We’re holding a day to Showcase Diversity at the University of Warwick on 14 June. I hope staff and students join us to play their part in celebrating and advancing our commitment to equality and diversity at Warwick.
Christine Ennew, Provost at Warwick, comments here on how our unconscious bias can impact inclusion, and how our understanding of ourselves and others can drive a willingness to discuss our diversity in a respectful way.
Last weekend, I found myself watching “The Imitation Game” – for a second time. If you haven’t seen the movie it’s a biopic of pioneering computer scientist, Alan Turing. It documents the work he did during the Second World War, breaking the Enigma code - an achievement which may have shortened the war by as much as two years. That in itself makes for a good story but it’s all framed by his sexuality and the way he was treated as a consequence – treatment that ultimately resulted in his suicide a decade later. Aside from the moral dimension of this tragedy, his early death was a massive loss for the UK in terms of the development of digital technologies.Similarly, when Dorothy Hodgkin was awarded the Nobel Prize for Chemistry in 1964, the Daily Mail allegedly recognised her achievement with the headline "Oxford housewife wins Nobel prize".
The bias that Alan Turing and Dorothy Hodgkin experienced was very open and explicit bias; indeed it was embodied in the legal frameworks of the time. But we’ve moved a long way since those times. We are getting so much better at recognising and celebrating diversity. We know the moral arguments for equality and we know the economic case for diversity.
We continue to confront challenges in relation to bias; not the overt and explicit bias experienced by Dorothy Hodgkin or Alan Turing, but the unconscious bias that emerges in causal, daily actions and behaviour. It’s the bias associated with stereotyping, with rules of thumb and with all of the shortcuts that our brains make to help us cope with the intensity and complexity of our daily lives.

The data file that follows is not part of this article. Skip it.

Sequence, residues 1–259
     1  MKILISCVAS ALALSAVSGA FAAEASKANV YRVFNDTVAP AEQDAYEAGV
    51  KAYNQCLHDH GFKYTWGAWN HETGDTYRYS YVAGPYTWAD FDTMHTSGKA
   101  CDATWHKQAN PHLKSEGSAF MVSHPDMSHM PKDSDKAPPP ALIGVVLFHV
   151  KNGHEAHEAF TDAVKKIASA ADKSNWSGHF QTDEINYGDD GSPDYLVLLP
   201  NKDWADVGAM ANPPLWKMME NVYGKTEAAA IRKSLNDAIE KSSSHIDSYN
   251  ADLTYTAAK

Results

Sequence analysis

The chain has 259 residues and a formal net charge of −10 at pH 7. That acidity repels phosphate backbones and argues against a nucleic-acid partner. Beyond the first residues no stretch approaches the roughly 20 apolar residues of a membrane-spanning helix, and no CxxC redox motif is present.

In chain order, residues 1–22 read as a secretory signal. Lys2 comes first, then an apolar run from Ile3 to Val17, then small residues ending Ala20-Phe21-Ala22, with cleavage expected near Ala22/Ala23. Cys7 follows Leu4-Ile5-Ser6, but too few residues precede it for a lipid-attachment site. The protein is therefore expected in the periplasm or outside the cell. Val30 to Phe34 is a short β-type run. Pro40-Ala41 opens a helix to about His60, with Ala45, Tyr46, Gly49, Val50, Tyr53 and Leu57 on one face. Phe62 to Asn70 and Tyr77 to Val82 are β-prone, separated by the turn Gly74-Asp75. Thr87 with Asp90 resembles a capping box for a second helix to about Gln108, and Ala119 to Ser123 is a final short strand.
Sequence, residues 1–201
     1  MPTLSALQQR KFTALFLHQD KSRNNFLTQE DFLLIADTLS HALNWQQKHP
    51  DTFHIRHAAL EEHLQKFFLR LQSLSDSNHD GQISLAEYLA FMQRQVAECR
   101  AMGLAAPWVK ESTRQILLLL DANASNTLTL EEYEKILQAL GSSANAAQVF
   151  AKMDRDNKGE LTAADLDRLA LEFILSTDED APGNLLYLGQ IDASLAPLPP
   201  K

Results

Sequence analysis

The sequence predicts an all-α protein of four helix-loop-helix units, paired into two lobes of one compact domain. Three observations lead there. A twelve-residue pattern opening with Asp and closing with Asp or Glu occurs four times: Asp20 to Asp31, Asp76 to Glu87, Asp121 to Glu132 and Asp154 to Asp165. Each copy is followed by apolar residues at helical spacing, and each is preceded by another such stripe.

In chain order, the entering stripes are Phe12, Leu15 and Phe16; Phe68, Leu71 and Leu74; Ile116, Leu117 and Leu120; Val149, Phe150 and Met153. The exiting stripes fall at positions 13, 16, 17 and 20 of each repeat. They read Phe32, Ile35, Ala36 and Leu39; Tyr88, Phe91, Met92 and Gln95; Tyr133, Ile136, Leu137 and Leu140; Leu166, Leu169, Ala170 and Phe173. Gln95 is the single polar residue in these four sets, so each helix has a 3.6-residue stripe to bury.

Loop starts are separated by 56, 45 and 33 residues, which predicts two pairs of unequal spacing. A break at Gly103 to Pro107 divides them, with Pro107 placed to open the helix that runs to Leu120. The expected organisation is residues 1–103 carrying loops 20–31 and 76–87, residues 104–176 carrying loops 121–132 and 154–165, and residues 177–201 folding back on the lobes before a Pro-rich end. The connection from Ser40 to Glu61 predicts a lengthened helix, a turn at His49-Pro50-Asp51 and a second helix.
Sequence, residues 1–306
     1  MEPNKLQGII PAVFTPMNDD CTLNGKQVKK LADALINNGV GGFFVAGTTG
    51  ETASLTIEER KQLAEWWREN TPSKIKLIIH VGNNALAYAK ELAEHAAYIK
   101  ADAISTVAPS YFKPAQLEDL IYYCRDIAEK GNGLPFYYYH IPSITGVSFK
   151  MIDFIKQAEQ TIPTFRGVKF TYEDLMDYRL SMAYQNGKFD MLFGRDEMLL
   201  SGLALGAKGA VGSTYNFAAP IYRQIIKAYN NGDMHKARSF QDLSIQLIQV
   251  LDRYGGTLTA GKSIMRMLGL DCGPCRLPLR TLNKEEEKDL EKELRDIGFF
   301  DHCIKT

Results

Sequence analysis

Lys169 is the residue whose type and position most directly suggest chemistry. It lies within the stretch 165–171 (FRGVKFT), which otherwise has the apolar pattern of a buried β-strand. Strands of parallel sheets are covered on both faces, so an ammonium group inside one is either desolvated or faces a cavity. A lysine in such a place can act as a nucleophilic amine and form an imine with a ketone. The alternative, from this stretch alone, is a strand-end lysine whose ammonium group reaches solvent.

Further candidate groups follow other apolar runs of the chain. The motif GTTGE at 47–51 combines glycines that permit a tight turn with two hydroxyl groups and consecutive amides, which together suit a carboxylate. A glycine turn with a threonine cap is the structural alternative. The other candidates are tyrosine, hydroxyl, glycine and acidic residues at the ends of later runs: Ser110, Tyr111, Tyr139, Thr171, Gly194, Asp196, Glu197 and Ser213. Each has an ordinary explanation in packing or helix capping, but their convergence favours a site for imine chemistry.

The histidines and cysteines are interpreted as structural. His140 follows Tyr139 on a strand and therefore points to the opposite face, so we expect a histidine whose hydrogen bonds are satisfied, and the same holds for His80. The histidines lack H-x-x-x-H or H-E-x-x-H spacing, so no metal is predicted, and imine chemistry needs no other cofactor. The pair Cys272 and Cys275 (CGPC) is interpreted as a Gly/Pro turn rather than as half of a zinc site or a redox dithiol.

Along with some of my colleagues from the Warwick’s executive team, I recently joined a training session on “unconscious bias”. The session was designed not to eliminate biases, but to make us more aware of how our judgements of individuals and our behaviours may be influenced by our backgrounds, experiences and cultural environments. As well as raising awareness of our own individual and diverse biases, the training session also sought to help us to understand how our biases impact on others. Often those affected by unconscious bias are those who are in a minority and perhaps more likely to feel vulnerable because they are different. But all too often, we simply don’t know how others will react, how they will feel when they experience unconscious bias.
We are all likely to be affected by unconscious bias – because we may display it through our actions or because we experience it in our interactions with others. Because unconscious bias is an almost instinctive or automatic reaction, it can be difficult to eliminate. But we can mitigate its impact – through our awareness and understanding of ourselves, through our attempts to understand the experiences and feelings of others and through a willingness to discuss in a respectful way.
I hope colleagues and students at Warwick join us at our day to Showcase Diversity on 14 June.